Facebook has turned out to be the perfect platform to spread both Russian propaganda and good old American hate speech. While the social media giant and its competitors have, under public pressure, taken some steps to limit the damage, new research suggests Mark Zuckerberg’s lucrative creation may be harming the American political process in a different way: by perpetuating ignorance.
It reports users of the social media site are, on average, less informed about politics than non-users.
“On balance, the overall impact of social media on political knowledge appears to be negative,” write University of Wisconsin–Madison scholars Sangwon Lee and Michael Xenos. “Political social media use does not have a significant effect on political knowledge, while general social media use has a modestly negative effect.”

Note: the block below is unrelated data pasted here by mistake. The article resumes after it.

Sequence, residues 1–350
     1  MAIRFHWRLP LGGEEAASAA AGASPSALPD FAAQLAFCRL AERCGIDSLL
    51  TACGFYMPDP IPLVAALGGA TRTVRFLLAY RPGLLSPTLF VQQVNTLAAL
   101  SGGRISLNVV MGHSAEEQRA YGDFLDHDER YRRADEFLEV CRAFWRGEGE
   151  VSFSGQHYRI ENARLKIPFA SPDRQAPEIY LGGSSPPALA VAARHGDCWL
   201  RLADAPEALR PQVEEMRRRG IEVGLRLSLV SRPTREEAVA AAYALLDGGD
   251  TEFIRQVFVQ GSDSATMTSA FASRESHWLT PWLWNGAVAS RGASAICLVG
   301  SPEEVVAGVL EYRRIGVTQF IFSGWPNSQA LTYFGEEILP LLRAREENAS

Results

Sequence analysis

The results echo those of a separate study released in May, which used different data but came to similar conclusions. It found “increased use of Facebook for both news consumption and news sharing purposes was associated with lower political knowledge levels.”
The new research, published in the journal Computers in Human Behavior, featured data from two studies: one conducted during the final days of the 2012 election, which featured 1,149 Americans; and a second conducted during the 2016 campaign, which featured 750 people who were contacted both before and after election day.
“In both studies, we asked a series of factual knowledge questions about respondents’ awareness of issues during the presidential election, and their more general knowledge of the U.S. political system and institutional rules,” the researchers write.
The 2012 study featured six questions on general political knowledge (“Which party is generally more supportive of reducing the size and scope of the federal government?”) and 14 that related to issues specifically discussed in that year’s campaign.
Participants in the 2016 study were similarly asked questions reflecting general knowledge of politics, and specific issues raised in the campaign. When contacted a second time, shortly after the election, they were asked about issues and events that had occurred since they were initially contacted in September.